Vascular Plants of North Carolina
Account for Nodding Evening-primrose - Oenothera nutans   Atkinson & Bartlett
Members of Onagraceae:
Members of Oenothera with account distribution info or public map:
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Section 6 » Order Myrtales » Family Onagraceae
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AuthorAtkinson & Bartlett
DistributionApparenrly throughout the Mountains, possibly into the upper Piedmont. As this species is so very similar to O. biennis and O. parviflora, most biologists are not aware of this species, and most records probably are based on specimens collected decades ago and re-examined in recent years. Even the Digital Atlas of the Virginia Flora website has lumped all records of these onto one map for O. biennis. The BONAP map shows scattered records in the NC Piedmont and Coastal Plain, though SERNEC specimens are only from Wake and Orange counties, and these not from NCU (a trusted herbarium). For the time being, the website editors are not mapping such counties for fear of the records being incorrect.

This is a poorly mapped species, but is generally an Eastern one. It apparently ranges from ME and MI south to FL and AL, but mostly south to about PA and then in the Appalachians to western NC.
AbundanceProbably fairly common (at least) in the Mountains; possibly more numerous. Abundance there is, however, speculative and based on the fairly large number of specimens and the spread of the counties (15+) across the breadth of the province. The editors have assigned a State Rank of S3? for now, with no Watch List proposed.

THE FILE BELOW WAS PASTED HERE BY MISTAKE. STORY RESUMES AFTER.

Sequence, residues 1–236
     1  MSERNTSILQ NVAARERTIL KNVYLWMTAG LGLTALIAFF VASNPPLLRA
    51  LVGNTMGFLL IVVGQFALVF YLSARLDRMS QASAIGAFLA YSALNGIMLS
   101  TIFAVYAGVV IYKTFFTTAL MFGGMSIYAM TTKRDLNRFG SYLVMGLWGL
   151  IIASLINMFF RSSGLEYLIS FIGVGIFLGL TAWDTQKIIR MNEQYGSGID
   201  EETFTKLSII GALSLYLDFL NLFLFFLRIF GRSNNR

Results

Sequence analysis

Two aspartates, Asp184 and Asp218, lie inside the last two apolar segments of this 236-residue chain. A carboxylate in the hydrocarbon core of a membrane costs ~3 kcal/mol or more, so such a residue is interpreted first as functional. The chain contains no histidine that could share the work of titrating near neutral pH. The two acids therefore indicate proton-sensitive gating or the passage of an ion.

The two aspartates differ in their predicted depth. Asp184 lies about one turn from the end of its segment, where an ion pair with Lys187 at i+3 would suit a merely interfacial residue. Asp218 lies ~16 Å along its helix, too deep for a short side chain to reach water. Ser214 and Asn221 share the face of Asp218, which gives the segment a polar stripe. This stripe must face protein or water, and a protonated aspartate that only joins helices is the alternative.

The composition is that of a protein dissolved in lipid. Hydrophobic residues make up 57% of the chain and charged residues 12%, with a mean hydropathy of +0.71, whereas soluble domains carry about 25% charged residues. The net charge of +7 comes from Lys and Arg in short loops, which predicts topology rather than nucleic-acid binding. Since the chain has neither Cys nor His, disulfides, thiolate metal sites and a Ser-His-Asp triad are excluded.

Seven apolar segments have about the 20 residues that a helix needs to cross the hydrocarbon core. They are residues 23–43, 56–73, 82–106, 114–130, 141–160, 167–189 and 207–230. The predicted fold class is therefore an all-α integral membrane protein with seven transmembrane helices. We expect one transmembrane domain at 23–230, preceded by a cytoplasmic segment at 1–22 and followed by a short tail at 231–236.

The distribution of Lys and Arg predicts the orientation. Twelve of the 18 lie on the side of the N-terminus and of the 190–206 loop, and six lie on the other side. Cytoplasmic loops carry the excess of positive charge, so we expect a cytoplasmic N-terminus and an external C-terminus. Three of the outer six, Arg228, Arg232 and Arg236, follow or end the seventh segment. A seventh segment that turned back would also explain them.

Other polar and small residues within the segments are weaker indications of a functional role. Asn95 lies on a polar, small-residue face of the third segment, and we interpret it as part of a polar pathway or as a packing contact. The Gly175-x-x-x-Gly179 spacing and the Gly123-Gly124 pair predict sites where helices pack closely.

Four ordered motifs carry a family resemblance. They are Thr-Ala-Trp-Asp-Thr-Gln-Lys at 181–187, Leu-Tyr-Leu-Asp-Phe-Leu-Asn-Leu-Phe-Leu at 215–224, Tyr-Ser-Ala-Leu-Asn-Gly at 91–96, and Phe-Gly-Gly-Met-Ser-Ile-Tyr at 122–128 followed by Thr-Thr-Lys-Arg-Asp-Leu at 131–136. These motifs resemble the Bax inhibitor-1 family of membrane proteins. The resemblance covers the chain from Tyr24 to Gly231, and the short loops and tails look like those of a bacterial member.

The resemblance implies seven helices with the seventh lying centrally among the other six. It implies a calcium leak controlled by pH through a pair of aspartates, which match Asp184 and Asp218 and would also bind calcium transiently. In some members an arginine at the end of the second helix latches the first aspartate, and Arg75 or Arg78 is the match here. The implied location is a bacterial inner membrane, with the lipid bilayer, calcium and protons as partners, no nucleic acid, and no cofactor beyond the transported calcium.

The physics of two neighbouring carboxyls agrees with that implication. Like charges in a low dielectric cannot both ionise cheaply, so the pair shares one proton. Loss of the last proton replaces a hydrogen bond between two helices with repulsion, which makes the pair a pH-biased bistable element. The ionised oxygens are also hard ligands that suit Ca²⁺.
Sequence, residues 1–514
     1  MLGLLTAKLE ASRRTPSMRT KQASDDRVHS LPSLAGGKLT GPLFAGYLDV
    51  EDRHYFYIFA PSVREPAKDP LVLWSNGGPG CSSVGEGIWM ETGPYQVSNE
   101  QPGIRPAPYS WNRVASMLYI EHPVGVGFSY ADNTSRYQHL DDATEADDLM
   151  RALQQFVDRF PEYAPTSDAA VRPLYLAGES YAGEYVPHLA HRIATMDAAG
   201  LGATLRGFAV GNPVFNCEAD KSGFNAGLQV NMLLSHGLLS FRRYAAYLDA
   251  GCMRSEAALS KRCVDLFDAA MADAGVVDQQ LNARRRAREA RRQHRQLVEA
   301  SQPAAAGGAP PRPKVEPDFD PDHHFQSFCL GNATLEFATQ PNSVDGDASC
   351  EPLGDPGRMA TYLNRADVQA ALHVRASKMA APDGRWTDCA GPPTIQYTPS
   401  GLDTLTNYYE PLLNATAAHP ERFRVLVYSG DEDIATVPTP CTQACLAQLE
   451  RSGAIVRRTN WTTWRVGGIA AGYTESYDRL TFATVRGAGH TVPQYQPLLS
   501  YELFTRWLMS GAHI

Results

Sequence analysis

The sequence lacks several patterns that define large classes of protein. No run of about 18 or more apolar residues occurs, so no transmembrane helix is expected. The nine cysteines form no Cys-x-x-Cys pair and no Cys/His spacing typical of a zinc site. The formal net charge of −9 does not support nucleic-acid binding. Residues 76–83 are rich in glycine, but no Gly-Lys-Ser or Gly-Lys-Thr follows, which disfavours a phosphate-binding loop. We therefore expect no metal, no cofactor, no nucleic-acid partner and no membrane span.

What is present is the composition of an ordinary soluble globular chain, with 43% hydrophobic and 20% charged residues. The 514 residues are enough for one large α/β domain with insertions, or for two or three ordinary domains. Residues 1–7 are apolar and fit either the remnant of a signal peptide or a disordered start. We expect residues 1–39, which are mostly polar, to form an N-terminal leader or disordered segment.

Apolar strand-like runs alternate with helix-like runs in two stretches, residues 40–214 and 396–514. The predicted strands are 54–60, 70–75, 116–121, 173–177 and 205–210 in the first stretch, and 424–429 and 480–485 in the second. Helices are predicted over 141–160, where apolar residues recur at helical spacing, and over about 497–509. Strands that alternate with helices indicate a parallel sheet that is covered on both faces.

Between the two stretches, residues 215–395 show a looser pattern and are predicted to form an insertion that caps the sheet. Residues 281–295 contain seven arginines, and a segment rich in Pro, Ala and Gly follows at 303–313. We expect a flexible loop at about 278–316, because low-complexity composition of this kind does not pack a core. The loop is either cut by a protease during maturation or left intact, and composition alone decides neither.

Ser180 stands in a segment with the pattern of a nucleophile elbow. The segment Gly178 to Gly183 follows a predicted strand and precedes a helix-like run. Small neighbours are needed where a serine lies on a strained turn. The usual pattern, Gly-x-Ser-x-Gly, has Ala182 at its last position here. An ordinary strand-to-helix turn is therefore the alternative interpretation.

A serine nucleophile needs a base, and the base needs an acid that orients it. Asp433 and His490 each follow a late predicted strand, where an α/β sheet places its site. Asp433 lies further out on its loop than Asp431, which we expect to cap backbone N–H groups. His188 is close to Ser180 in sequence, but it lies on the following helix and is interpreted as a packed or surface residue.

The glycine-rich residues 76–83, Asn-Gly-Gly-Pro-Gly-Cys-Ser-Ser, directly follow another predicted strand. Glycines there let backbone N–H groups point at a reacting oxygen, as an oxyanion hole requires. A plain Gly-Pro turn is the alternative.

Habitat"Roadsides, openings, forest edges, pastures" (Weakley 2018). As these are common, ordinary habitats, they also suggest that the species is not restricted to rare or uncommon habitats and thus the species ought to be reasonably numerous.
PhenologyBlooms from June to October, and fruits shortly after flowering.
IdentificationSee the description for O. biennis. This tall species differs from it by the "Inflorescence being glabrous (or appearing so without magnification)", as opposed to "Inflorescence conspicuously pubescent" in O. biennis, according to Weakley (2018). It differs from O. parviflora mostly by flower size, as the latter has small flowers -- petals about 1/2-inch long versus petals about 4/5-inch long and wide in O. nutans (about the size of O. biennis). Weakley (2018) gives several additional characters to separate these two. This species complex may well be too difficult for most biologists to deal with, other than by collecting specimens first and keying them out later.
Taxonomic CommentsIt is rather surprising that NatureServe considers the species as valid without even the Q for Questionable taxonomy. However, many other references do not treat this as valid. A few treat or treated it as O. austromontana.

Other Common Name(s)Mountain Evening-primrose
State Rank[S3?] *
Global RankG4
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